31-1 at 20.
In its Response, Defendant contends that: “[T]he documents Plaintiff seeks are
protected under Fed. R. Civ. P. 26(b)(3) as they contain protected work product. Likewise,
the documents were prepared in anticipation of litigation. Moreover, under no circumstances
can Plaintiff show a ‘substantial’ need” for the requested material. Doc. 36 at 3. Defendant
also argues that their consultant, Mr. Hall, is a non-testifying consultant or expert whose
communications are protected under Fed. R. Civ. P. 26(b)(4)(D)(ii). Doc. 36 at 3.
A. The Work Product Doctrine
“[T]he scope of protection provided by the work product doctrine is a procedural
question and thus governed by federal as opposed to state law in a diversity action.” Camacho
v. Nationwide Mut. Ins. Co., 287 F.R.D. 688, 694 (N.D. Ga. 2012). “Rule 26(b)(3)(A)(ii)
protects from discovery documents and tangible things that are prepared in anticipation of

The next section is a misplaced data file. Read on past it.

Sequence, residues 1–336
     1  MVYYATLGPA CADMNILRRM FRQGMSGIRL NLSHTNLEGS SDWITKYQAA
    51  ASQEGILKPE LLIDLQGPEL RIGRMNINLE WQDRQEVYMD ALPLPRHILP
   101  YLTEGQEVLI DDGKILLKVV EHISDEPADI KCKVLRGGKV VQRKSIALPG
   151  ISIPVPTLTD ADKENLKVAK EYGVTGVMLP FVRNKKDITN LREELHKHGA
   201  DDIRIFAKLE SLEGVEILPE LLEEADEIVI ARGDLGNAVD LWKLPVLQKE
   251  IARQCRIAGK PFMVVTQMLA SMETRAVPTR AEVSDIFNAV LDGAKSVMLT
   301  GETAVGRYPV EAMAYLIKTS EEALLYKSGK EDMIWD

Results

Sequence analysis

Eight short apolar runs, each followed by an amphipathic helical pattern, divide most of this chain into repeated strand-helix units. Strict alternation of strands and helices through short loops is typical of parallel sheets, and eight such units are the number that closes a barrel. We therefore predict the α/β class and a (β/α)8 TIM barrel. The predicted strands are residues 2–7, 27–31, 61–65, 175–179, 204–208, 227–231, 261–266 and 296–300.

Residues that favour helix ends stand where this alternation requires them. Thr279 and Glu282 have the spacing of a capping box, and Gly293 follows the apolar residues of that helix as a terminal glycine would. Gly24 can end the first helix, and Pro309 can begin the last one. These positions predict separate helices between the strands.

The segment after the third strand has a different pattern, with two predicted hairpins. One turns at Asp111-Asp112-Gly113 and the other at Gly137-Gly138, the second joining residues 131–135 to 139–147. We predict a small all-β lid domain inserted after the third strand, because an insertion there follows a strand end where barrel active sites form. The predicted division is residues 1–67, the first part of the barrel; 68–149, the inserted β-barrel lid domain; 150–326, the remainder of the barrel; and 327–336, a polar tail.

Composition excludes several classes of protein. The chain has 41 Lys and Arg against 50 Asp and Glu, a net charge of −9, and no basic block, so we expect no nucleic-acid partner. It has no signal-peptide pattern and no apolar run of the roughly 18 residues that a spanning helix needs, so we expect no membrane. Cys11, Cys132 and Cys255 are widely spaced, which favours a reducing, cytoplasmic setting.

litigation or for trial by or for another party or its representative (including the other party’s
attorney, consultant, surety, indemnitor, insurer, or agent) unless the requesting party shows
that it has substantial need for the materials to prepare its case and cannot, without undue
hardship, obtain their substantial equivalent by other means.” Id. (citation and punctuation
Insurance claim files generally do not constitute work product in the early
stages of investigation, when the insurance company is primarily concerned
with deciding whether to resist the claim, to reimburse the insured and seek
subrogation . . . or to reimburse the insured and forget about the claim
thereafter. . . . [C]laim files straddle both ends of this definition, because it is